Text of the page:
• 24Jul
    Author: Katherine Pisana Categories: Mind Amplifying Tools Comments: 4

    I’ve been working on reinterpreting my PLE in order to get a deeper understanding of its nature. My initial approach was to group both formal and informal learning together. This time I’m going into a bit more detail.

    I’ve derived three sub-PLEs from my core map. The base categorisation is dependent upon context: the three sub-PLEs represent maps of my MA ODE PLE, my Professional PLE, and my Blog PLE. Strictly speaking, I suppose one could argue that the first represents a formal learning context, while the other two are much more self-imposed learning scenarios. Here they are below:


    My MA ODE PLE (Click on the image to view full size)

    My Professional PLE (Click on the image to view full size)

    My Professional PLE (Click on the image to view full size)

    My Blog PLE (Click on the image to view full size)

    My Blog PLE (Click on the image to view full size)

    I’ve found that reinterpreting my initial PLE has allowed me to identify components that I had originally missed. For example, I had forgotten that podcasts were made available within my course materials. I think I forgot to consider this technology in the initial map because, as an overall concept, podcasts were interesting to me a couple of years ago but I quickly became overwhelmed by the amount of information available and eventually unsubscribed from the feeds. I think that the fact that I don’t like listening to the radio also has something to do with my disengagement from the podcasting community. And finally, and probably the most important reason why I don’t listen to podcasts, is because I’m not an auditory learner. I process information better when I can read it. I think that’s probably the most important lesson that podcasting technology has taught me. Some other components I forgot to include the first time around are MS Word and Google Scholar, along with a number of creative tools that I’ve added to my Blog PLE.

    This PLE drill-down also gave me a clearer picture of my dominant learning tools, namely, Firefox, which in turn means the Internet which then leads me to my laptop. The nodes that are connected by a green line are the only ones that can be accessed without the Internet.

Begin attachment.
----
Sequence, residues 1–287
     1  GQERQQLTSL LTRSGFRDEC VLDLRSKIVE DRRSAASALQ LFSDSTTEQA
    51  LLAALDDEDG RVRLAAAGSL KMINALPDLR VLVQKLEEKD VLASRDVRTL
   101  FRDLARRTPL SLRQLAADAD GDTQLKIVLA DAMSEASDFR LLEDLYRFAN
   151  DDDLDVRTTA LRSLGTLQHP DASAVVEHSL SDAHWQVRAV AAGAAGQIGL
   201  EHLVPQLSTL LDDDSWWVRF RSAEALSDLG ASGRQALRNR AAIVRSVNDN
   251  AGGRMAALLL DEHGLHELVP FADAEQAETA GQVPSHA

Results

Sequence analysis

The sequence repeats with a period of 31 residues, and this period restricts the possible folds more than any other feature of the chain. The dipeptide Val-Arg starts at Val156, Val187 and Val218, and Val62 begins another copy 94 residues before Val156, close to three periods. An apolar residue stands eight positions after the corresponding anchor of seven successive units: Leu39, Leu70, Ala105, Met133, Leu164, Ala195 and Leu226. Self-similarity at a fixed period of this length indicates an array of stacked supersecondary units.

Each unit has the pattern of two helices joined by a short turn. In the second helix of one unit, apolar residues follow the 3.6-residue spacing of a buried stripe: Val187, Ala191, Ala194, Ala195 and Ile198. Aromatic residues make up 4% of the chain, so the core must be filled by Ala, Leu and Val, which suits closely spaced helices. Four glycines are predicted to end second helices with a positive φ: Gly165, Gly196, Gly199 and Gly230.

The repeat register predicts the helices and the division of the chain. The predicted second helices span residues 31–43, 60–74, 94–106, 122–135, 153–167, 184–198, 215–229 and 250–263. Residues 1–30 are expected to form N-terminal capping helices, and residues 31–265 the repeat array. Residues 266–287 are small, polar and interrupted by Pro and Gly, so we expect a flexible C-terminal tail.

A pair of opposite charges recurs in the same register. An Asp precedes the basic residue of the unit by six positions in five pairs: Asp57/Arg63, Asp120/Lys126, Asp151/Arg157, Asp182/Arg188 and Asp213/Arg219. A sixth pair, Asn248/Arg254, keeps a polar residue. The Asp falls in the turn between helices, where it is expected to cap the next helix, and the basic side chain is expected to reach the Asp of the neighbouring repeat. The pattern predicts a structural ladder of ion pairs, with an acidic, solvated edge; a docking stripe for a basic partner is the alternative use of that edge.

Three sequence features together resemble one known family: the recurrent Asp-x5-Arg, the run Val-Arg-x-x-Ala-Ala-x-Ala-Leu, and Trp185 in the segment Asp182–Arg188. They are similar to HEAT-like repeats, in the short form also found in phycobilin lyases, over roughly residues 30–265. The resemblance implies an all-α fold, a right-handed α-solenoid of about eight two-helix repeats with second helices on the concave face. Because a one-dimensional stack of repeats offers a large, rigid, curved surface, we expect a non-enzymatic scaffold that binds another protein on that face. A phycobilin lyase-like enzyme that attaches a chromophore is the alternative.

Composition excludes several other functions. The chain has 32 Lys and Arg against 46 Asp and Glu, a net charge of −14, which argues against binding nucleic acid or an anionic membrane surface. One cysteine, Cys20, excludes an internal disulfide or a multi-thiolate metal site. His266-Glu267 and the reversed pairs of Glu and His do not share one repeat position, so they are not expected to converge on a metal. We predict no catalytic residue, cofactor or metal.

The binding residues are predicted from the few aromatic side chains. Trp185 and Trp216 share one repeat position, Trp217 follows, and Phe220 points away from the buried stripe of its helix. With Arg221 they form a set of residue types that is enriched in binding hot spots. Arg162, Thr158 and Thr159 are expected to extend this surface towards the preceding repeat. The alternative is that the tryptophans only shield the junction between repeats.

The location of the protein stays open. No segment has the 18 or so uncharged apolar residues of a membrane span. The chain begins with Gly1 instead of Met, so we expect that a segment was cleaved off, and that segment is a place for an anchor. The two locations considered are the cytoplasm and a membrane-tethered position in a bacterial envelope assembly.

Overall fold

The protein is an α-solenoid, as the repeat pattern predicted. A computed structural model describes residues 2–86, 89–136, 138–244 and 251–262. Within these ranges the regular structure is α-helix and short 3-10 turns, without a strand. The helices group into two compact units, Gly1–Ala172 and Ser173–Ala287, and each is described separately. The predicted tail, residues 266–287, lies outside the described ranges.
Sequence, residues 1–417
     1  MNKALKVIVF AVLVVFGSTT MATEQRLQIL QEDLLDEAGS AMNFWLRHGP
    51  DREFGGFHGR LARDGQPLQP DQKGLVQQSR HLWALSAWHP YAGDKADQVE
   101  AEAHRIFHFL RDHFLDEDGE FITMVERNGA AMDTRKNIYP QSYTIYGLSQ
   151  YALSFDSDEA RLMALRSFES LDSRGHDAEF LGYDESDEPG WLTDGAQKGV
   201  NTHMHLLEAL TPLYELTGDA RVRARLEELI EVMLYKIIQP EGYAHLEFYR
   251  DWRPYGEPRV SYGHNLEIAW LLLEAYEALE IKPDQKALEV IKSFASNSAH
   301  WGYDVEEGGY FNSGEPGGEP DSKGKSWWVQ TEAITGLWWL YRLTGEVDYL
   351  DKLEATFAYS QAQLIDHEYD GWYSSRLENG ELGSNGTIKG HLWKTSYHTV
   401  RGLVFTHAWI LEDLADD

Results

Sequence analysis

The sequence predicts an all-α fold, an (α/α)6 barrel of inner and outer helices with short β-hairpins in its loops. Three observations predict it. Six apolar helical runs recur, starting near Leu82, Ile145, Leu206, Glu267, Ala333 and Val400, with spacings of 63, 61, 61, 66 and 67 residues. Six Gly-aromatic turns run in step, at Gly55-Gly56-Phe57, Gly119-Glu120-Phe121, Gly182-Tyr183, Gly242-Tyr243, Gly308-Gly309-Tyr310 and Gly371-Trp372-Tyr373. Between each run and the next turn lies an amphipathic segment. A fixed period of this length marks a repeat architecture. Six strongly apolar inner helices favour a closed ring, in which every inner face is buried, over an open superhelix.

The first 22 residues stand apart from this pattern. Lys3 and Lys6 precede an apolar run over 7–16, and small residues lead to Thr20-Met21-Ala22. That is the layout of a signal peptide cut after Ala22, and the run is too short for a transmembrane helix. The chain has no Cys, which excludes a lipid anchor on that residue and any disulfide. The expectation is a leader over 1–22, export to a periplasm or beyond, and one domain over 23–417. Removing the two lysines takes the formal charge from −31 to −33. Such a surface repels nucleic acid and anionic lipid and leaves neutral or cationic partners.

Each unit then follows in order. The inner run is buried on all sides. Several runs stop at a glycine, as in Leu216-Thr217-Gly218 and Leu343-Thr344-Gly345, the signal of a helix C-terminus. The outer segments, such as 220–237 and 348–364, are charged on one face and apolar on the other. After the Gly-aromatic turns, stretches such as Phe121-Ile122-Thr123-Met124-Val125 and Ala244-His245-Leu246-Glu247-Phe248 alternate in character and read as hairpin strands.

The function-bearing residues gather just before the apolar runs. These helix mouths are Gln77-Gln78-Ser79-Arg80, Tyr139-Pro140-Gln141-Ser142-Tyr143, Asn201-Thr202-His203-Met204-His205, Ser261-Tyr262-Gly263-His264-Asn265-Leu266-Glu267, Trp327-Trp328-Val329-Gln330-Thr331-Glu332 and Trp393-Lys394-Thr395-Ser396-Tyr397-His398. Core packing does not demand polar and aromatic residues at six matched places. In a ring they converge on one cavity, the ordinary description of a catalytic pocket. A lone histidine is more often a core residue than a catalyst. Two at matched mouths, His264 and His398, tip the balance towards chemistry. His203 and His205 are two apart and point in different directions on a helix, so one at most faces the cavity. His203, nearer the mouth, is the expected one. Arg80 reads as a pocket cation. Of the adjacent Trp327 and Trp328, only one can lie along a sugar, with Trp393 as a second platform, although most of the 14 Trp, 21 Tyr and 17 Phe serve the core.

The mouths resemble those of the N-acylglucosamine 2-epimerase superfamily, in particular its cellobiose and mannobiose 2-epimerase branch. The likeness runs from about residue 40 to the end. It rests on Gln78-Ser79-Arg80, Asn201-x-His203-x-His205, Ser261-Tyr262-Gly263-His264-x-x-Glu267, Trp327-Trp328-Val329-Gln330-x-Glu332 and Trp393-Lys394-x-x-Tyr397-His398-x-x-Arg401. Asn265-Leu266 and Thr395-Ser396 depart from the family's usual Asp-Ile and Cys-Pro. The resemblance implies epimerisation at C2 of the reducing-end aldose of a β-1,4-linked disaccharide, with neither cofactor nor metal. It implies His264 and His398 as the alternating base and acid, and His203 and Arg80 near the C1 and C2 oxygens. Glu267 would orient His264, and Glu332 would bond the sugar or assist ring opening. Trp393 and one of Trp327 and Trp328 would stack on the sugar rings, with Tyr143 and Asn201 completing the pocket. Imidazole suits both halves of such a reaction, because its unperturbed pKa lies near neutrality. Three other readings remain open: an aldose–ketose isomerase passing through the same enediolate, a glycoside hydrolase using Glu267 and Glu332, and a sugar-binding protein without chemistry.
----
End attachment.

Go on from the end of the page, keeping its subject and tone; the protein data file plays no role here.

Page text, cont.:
I’m not sure whether the real value of this activity is going to be in comparing my own reinterpretations, or eventually comparing my analyses with others’ reinterpretations…

4 Responses

  • Les Says:

    Thank you for this I like your three part model. Like you I keep remembering things that I have forgotten. Really this could be thought of as more of a journal and a one off exercise. You raise an interesting point about purpose. For me, along with other posts etc. my view of the interconnectedness of a PLE is very noticeable. In terms of my teaching I wonder what my students ‘maps’ would look like. Finding this out would be very useful and I am thinking about how best to achieve this. Les

  • Virtually Scholastic Says:

    This sparks an interesting idea about evaluating students’ skills prior to starting a course of study. Instead of getting them to take tests to evaluate their profiles, wouldn’t it be more interesting to have them create PLE maps instead? They could create them using whatever tools they like, which would, in itself be a test of their capabilities. Very interesting…

  • Chris kaplan Says:

    I wonder what might happen to your maps if you changed context to mean how your environment or what you were doing at the time impacted your learning environment.

    For instance a context might be ‘commuting’ where some of us auditory learners 😉 PLE’s would look different than while at home.



  • Virtually Scholastic Says:

    The physical environment would definitely be another interesting context on which to base the maps. I was thinking about that as I was conceptualising these, but I realised that as long as I have my laptop on me and I can access the Internet, the maps stay the same. For example, I’m in the UK at the moment, while a few days ago I was in California, and the maps haven’t changed.

    I supposed that not having my laptop while still having access to a connected computer might change them a bit though. I can also see how, if I were more of an auditory learner or even more of a mobile learner, the environmental context could potentially change the maps’ dimensions quite significantly.

    Thanks for your thoughts 🙂